Evaluation of Hemostasis in Female Dogs with Mammary Carcinoma and the Influence of Clinical Stage and Histopathological Grade

Jéssica Rodrigues de Oliveira, Annelise Carla Camplesi, Sabryna Gouveia Calazans, Aureo Evangelista Santana, Priscila Silva, Bruna Fernanda Firmo, Amanda Bizare, Márcia Ferreira da Rosa Sobreira


Background: Mammary tumors are frequent in female dogs, and are biologically similar in female dogs and humans. Hemostatic disorders are common in humans with cancer, and the mechanisms that conduct coagulation activation involve tissue and cancer procoagulant factors and inflammatory cytokines. Despite the importance of coagulopathy diagnosis that evaluate hemostasis, veterinarians rarely request such tests in routine clinical oncology. This study aimed to investigate the possible hemostatic abnormalities in female dogs with mammary carcinomas and assess any associations with prognostic factors for mammary cancer in female dogs.
Materials, Methods& Results: A total of 62 female dogs were selected for inclusion in this study regardless of age or breed. The control group consisted of 30 healthy dogs, and the carcinoma group consisted of 32 dogs with a histopathological diagnosis of mammary carcinoma that was free of distant metastases and comorbidities that could interfere with the hemostatic system integrity. The dogs with mammary carcinoma were divided into subgroups according to their histological type, histopathological grading, tumor size, and clinical stage of the disease (TNM) to evaluate the relationships between the subgroups and hemostatic parameters (blood platelet counts, prothrombin time [PT], activated partial thromboplastin time [aPTT], and plasma fibrinogen concentration). The hemostatic parameters were significantly higher in the carcinoma group than in the control group (p ≤ 0.05). These findings indicate that there is a strong association between the occurrence of mammary carcinoma and abnormal hemostatic parameters, as well as a strong association between histopathological grade I and normal hemostatic parameters. In addition, when evaluating subgroups, PT and aPTT values were significantly higher in dogs with histopathological grade II and III tumors than in dogs with histopathological grade I tumors. Furthermore, PT and aPTT values were higher in the clinical stage IV subgroup than in the remaining subgroups. Nonetheless, there was no statistical difference in these values among the clinical stage I, III, and IV subgroups.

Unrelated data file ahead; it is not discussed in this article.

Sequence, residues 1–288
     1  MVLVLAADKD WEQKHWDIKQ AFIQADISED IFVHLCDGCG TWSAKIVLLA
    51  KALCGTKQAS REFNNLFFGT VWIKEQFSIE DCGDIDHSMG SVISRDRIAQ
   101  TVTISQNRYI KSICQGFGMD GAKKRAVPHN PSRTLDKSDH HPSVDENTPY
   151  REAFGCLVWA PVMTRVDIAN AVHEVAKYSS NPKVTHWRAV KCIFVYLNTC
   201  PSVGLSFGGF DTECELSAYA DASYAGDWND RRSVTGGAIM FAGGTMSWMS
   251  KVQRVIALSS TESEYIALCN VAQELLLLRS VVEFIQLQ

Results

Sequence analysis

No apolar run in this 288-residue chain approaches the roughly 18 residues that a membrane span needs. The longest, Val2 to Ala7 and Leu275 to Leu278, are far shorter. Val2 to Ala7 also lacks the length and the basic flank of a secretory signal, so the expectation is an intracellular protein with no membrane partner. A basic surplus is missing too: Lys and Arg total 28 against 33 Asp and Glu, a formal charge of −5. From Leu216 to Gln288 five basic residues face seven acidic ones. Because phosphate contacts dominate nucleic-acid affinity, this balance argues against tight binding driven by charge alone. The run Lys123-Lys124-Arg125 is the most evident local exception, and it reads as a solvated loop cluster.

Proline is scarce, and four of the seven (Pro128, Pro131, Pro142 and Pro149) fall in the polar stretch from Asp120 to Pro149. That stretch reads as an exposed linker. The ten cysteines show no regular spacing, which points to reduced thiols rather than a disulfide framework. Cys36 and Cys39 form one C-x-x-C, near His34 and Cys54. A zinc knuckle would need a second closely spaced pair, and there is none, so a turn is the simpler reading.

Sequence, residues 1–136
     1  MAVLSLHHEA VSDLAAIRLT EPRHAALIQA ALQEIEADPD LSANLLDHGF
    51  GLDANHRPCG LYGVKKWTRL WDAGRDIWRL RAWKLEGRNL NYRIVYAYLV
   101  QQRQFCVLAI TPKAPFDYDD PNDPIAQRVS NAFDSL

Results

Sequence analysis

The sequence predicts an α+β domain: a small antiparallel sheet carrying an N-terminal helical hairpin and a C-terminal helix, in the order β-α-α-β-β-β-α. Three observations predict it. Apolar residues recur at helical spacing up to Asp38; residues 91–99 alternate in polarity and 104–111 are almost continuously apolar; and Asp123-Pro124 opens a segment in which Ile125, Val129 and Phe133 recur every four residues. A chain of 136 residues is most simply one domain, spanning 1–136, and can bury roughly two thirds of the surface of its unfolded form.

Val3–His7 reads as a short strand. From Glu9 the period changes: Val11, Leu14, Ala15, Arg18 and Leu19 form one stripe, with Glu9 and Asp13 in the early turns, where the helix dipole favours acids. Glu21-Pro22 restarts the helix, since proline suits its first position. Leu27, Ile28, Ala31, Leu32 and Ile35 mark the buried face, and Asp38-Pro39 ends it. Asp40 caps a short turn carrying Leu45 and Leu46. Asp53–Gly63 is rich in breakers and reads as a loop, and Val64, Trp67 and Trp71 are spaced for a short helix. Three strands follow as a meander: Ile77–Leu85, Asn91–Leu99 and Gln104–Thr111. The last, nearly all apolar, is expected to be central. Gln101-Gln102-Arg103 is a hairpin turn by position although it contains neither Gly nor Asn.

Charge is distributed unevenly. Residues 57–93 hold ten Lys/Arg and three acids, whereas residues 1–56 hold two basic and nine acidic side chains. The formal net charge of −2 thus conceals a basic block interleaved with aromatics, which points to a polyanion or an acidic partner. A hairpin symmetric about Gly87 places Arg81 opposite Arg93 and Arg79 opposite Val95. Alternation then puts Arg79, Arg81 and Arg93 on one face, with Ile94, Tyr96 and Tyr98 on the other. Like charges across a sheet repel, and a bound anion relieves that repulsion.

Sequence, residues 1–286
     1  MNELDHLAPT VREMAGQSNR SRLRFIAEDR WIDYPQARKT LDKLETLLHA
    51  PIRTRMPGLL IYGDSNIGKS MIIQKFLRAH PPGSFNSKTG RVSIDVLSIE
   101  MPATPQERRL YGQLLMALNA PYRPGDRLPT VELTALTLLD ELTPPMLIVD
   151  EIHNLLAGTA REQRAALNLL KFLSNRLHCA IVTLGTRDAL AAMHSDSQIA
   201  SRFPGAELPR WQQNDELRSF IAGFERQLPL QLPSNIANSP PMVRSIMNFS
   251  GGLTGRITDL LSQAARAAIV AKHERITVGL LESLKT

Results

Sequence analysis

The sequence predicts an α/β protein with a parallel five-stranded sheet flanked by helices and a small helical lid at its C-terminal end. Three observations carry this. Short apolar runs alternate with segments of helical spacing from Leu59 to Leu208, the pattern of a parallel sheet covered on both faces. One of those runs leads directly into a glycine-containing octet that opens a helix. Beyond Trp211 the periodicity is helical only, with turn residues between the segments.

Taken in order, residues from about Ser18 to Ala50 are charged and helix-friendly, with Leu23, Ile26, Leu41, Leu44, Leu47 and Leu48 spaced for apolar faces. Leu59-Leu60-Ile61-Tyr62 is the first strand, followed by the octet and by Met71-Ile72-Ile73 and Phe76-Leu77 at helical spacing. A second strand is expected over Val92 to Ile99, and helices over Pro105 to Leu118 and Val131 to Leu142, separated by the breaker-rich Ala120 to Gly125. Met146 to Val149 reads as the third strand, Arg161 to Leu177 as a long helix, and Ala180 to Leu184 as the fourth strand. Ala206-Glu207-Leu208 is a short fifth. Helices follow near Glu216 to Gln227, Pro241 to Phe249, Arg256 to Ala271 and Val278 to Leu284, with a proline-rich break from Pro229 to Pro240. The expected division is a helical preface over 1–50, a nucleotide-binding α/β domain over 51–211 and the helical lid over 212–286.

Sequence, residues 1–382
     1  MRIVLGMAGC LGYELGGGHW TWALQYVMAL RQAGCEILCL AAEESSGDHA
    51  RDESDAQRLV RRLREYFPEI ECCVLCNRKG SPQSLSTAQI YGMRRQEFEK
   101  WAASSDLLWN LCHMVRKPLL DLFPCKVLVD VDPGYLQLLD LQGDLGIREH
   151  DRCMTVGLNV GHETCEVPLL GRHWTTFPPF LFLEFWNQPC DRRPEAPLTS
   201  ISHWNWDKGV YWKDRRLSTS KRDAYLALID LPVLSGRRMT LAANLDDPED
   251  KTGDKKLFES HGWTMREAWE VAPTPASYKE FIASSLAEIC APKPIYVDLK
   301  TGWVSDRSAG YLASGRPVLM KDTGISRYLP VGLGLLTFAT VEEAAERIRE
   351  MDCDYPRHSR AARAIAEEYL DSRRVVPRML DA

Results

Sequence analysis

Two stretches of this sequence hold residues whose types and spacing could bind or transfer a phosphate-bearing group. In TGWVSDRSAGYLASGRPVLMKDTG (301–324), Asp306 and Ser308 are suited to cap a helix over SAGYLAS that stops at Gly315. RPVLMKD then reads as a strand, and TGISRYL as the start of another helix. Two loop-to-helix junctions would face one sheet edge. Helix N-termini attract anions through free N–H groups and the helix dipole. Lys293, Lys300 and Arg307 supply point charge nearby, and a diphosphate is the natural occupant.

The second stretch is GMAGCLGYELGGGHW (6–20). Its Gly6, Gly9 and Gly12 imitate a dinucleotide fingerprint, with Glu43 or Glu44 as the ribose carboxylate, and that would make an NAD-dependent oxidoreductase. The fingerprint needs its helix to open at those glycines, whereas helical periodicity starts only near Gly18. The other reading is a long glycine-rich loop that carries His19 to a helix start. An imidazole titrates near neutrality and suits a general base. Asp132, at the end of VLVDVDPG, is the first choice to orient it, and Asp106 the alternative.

Discussion: Recent studies demonstrated that thrombocytosis is a common finding in dogs with cancer and that the true incidence of thrombocytosis might be underreported. The prolonged PT and aPTT observed in this study were higher than those described in the literature. The abnormalities in PT and aPTT values detected in female dogs with mammary carcinoma in this study might have been affected by the histopathological severity (grades II and III) and clinical disease stage. Hyperfibrinogenemia detected in the healthy control group was the most common hemostatic abnormality. This finding was close to that found in the literature, in which 66.7% of female dogs presented with high fibrinogen values, which was more evident in dogs of clinical disease stages III and IV. The results indicate that 56% of animals presented with at least three hemostatic abnormalities, including the prolongation of PT and aPTT and hyperfibrinogenemia. These abnormalities were related to advanced clinical stages and histopathological grades II and III. Thus, the observed abnormalities can be indicative of a poorer prognosis and survival time of these patients because the previously identified products of coagulation are important for both tumor dissemination and progression.

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DOI: https://doi.org/10.22456/1679-9216.96674

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